During a workshop at the Confetti Institute, I was in a situation where I had to explain to a group of students how technical art could allow an artist to create something very complex in a short amount of time using scripting techniques. I very quickly realised that a good way to demonstrate this was to show what the random function could do. Within minutes, I had written script that could create a relatively complicated piece of geometry in a very short amount of time. While this was something of a diversion from the main point of the workshop, it was something that some of the students wanted to explore further, so I am writing this tutorial to demonstrate the principles.
Using The Random Function To Create Object Variations
MAXScript’s random function can be used to create an instant and natural variation of an object. Any of the accessible properties of an object, such as it’s colour or it’s size can be randomized. This is powerful, as if we create an object such as a tree, we can create multiple variations from the same model.
fn RandomSize boxObject factor =
minFactor = (1.0 - factor)
maxFactor = (1.0 + factor)
xScale = random (boxObject.scale.x * minFactor) (boxObject.scale.x * maxFactor)
yScale = random (boxObject.scale.y * minFactor) (boxObject.scale.y * maxFactor)
zScale = random (boxObject.scale.z * minFactor) (boxObject.scale.z * maxFactor)
boxObject.scale = [xScale, yScale, zScale]
myBox1 = Box width:1 length:1 height:4 name:"myBox"
for i = 1 to 4 do
RandomSize myBox1 0.75
myBox1.position.x += 3
The script is based around the function, RandomSize. This function takes in two arguments. The first is a boxObject which is going to be processed. The second argument is a random factor.
The random function itself takes the form of:
It returns a value that sits in between the two minimum and maximum values.
So we are using these values to control the scale value of our box.
With the function set up, we create a box object (myBox1) and then we use a for loop to manipulate the object. In the for loop, we copy the box, randomize it’s size, and then move it along the x axis. So from one base object, we have created five variations.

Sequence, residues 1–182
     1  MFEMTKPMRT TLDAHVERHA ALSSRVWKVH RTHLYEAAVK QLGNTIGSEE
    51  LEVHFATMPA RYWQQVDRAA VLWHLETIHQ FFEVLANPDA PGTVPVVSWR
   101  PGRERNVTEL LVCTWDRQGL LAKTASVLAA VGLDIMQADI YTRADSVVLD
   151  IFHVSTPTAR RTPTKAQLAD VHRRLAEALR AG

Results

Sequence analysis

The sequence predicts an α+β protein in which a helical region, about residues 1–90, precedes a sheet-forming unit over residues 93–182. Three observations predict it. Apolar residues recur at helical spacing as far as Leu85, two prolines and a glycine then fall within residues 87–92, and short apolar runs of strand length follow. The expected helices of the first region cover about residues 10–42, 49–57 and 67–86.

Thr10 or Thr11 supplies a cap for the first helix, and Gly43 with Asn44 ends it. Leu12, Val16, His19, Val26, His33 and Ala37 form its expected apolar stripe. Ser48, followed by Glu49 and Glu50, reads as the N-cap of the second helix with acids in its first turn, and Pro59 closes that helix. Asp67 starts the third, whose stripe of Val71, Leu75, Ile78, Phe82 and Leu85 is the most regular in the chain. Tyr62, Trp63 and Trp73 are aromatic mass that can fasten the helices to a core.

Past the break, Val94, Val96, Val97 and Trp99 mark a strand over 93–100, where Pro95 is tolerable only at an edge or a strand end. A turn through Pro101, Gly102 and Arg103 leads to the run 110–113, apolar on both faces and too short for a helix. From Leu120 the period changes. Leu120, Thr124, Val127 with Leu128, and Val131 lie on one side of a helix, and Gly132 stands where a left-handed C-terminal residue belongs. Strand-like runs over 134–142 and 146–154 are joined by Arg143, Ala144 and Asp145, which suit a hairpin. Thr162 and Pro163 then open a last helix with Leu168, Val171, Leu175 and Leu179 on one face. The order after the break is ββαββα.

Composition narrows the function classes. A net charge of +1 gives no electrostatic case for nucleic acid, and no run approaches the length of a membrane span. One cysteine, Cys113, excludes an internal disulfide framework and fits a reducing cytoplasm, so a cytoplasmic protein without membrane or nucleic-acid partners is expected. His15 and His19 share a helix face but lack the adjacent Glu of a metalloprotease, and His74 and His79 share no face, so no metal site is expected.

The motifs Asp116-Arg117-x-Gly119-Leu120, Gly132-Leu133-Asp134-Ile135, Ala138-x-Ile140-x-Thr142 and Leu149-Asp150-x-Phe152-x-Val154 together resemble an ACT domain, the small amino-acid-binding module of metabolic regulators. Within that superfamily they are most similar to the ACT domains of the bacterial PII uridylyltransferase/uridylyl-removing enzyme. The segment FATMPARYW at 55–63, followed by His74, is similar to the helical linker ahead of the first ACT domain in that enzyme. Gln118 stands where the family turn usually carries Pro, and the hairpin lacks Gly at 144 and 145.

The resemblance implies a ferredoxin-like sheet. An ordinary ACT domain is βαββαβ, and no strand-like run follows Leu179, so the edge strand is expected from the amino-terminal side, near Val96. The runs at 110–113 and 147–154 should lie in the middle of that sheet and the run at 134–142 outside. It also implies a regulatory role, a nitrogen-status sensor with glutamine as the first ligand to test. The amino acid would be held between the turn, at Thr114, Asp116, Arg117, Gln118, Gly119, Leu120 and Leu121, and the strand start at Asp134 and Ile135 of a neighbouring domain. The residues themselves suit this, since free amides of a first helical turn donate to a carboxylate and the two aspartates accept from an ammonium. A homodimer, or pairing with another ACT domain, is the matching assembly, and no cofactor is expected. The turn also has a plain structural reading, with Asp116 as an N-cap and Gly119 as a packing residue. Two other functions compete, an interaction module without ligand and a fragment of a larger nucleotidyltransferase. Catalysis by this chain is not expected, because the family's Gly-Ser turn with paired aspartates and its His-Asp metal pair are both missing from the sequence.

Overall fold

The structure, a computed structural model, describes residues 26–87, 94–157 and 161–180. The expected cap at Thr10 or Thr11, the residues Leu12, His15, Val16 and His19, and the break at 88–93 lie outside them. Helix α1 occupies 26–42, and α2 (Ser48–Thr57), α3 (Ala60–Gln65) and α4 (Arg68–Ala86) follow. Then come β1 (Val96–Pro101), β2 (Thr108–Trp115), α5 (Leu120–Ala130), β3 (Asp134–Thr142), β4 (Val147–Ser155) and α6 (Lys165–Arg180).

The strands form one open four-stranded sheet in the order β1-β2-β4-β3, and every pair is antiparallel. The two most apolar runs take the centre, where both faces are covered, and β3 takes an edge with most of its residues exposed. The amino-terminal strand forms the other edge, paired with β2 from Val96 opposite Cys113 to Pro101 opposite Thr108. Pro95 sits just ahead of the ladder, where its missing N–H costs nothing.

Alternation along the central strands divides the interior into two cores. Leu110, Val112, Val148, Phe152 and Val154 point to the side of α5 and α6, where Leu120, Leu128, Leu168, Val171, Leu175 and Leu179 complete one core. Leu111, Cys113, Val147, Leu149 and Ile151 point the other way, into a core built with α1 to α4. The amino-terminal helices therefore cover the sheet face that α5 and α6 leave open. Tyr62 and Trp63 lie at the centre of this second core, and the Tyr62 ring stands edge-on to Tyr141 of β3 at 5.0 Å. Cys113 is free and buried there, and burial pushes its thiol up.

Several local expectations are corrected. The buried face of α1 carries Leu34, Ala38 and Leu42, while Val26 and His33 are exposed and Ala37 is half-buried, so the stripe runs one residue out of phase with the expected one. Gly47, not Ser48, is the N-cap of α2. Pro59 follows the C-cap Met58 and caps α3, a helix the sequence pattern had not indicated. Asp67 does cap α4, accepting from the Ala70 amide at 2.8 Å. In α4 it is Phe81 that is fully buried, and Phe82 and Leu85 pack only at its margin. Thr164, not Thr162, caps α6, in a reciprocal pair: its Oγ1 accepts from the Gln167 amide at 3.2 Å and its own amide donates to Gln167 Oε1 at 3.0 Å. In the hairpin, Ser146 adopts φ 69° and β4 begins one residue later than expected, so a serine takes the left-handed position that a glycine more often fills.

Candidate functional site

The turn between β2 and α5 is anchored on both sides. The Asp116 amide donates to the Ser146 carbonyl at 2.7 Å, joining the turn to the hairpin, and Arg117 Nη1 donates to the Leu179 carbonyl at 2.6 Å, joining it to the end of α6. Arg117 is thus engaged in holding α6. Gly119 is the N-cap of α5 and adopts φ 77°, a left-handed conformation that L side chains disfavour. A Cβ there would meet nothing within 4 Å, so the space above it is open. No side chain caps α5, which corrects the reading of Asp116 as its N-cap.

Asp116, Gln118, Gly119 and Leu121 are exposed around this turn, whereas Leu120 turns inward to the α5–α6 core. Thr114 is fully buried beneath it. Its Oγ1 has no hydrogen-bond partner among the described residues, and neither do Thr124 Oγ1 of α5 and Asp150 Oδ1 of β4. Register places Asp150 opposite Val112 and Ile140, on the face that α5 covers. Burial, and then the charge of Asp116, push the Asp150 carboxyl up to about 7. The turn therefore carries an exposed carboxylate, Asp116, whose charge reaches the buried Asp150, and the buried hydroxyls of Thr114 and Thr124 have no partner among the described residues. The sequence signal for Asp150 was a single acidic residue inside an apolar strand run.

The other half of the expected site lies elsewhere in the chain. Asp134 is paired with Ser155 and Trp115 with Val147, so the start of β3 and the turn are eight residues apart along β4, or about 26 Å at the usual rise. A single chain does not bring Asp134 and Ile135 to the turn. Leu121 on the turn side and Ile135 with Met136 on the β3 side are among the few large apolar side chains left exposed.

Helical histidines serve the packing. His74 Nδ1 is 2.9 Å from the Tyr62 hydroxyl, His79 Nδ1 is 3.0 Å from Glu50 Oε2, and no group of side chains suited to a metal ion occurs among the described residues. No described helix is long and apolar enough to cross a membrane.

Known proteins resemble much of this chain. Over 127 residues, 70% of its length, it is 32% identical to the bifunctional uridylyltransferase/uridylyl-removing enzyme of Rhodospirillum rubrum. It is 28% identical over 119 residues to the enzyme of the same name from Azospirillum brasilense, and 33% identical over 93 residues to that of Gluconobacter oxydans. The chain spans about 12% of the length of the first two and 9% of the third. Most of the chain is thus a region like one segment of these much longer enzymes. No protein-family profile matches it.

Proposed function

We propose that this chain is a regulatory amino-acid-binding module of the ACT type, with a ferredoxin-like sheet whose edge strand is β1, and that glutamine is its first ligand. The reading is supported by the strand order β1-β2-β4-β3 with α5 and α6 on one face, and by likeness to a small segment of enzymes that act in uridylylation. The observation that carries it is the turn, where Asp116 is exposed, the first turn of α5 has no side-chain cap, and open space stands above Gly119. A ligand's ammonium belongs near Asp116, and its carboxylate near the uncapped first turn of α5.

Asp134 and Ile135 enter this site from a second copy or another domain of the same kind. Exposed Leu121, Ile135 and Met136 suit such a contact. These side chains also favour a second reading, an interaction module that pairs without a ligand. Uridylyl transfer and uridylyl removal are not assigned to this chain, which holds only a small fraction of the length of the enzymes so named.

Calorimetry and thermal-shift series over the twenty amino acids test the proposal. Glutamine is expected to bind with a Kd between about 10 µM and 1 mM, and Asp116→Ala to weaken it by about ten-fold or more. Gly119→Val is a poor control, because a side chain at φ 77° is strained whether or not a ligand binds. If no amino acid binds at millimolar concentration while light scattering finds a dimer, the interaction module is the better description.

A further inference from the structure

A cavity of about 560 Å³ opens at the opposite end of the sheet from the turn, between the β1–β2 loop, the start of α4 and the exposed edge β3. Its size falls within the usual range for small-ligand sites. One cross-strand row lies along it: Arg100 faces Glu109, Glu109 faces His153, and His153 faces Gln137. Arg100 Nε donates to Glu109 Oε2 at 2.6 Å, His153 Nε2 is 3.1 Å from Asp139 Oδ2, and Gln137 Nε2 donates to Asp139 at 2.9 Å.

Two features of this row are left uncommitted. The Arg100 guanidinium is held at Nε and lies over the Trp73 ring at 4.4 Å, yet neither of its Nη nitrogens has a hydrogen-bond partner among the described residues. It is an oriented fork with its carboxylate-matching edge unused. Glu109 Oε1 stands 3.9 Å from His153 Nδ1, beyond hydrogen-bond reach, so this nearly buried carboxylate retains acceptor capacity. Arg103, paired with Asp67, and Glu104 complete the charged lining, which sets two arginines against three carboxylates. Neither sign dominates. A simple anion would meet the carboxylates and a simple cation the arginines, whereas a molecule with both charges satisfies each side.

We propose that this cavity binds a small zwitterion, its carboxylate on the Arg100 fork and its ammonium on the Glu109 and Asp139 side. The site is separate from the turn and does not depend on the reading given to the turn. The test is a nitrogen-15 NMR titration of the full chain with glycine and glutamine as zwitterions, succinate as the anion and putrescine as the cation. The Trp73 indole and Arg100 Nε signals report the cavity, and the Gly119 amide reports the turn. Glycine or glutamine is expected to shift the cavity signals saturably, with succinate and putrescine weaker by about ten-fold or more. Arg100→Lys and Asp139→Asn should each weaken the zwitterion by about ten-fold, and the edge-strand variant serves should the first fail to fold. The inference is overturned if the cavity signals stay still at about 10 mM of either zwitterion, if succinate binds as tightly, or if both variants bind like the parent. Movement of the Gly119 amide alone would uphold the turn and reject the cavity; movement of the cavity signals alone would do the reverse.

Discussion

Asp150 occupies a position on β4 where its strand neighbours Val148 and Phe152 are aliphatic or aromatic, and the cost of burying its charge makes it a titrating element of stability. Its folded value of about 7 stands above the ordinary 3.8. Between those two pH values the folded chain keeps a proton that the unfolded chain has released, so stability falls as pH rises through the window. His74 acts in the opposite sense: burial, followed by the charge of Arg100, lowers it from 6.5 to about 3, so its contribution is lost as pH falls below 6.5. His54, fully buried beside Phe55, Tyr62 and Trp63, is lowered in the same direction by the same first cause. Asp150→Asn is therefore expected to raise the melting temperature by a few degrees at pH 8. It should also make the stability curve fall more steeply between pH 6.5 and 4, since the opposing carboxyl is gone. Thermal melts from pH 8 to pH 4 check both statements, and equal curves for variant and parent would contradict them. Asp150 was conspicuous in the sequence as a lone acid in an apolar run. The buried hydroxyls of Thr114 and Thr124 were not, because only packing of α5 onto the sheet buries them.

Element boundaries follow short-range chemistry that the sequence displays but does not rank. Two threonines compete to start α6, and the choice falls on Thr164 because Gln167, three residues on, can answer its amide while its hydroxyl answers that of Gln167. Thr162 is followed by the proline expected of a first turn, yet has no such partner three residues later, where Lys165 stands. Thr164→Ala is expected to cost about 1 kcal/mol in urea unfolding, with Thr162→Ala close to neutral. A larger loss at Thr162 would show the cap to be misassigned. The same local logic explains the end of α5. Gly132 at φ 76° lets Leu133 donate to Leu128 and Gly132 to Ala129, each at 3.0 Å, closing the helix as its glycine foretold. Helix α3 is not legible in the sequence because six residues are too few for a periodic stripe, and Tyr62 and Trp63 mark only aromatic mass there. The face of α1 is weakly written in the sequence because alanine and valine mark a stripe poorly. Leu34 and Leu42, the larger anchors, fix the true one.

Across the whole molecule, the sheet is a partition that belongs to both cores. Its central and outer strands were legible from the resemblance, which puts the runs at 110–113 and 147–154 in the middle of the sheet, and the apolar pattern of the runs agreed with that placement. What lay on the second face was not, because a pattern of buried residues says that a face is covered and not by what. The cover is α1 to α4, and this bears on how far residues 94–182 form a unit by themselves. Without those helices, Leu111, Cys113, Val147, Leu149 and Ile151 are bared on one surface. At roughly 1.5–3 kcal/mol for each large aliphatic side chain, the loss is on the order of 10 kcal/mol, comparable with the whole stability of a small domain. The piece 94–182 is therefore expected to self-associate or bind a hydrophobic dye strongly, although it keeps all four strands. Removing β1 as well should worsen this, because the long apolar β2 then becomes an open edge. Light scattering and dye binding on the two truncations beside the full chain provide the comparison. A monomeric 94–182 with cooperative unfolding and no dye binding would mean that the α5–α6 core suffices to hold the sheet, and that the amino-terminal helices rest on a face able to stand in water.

We can extend this random behaviour to other kinds of transform as shown in this script.
myObj = Box name:"myObj" width:1 length:1 height:4
for i = 1 to 20 do
--duplicate the object
newObj = Geometry[Geometry.count]
--give it random rotation
newObj.rotation = (eulerAngles 0 0 (random 0 360))
--give it random position
newObj.position = [(random 0 20), (random 0 20), 0]
--give it random scale
newObj.scale = [(random 0.5 1.5), (random 0.5 1.5), (random 0.5 1.5)]
Here, we are adding random factors to the rotation and the position as well as the scale. When we copy an object, a great way to be able to pick it up so that we can manipulate it is by looking for newest object in the Geometry list. So we get access to the copied object’s parameters by accessing it through the line:
newObj = Geometry[Geometry.count]
Once we have picked it up, we can manipulate it with the random factors.
Death Star Geometry
The final stage of this tutorial is to create some geometry that is reminiscent of a spaceship surface, such as that of Star Wars’s Death Star.
fn CreateDeathStar size:20 complexity:800 =
for i = 1 to complexity do
local xdim = random 0.1 4
local ydim = random 0.1 4
local zdim = random 0.1 1
local randNum = random 75 100
local randColor = color randNum randNum randNum
local dstarMesh = Box width:xdim length:ydim height:zdim name:"dstar" wirecolor:randColor
dstarMesh.position = [(random 0 size), (random 0 size), 0]
This time, I placed all the relevant code inside the function, ‘CreateDeathStar’. Using colons in the function name arguments allows us to either stick with default values by calling the function using brackets:
Or, we can pass values to the function to set our own parameters:
CreateDeathStar size:50 complexity:1200
As well as randomizing the size of the boxes, I am also setting the geometry up with random wirecolor values.
There are many applications for the random function and it can be used very effectively to create procedural geometry.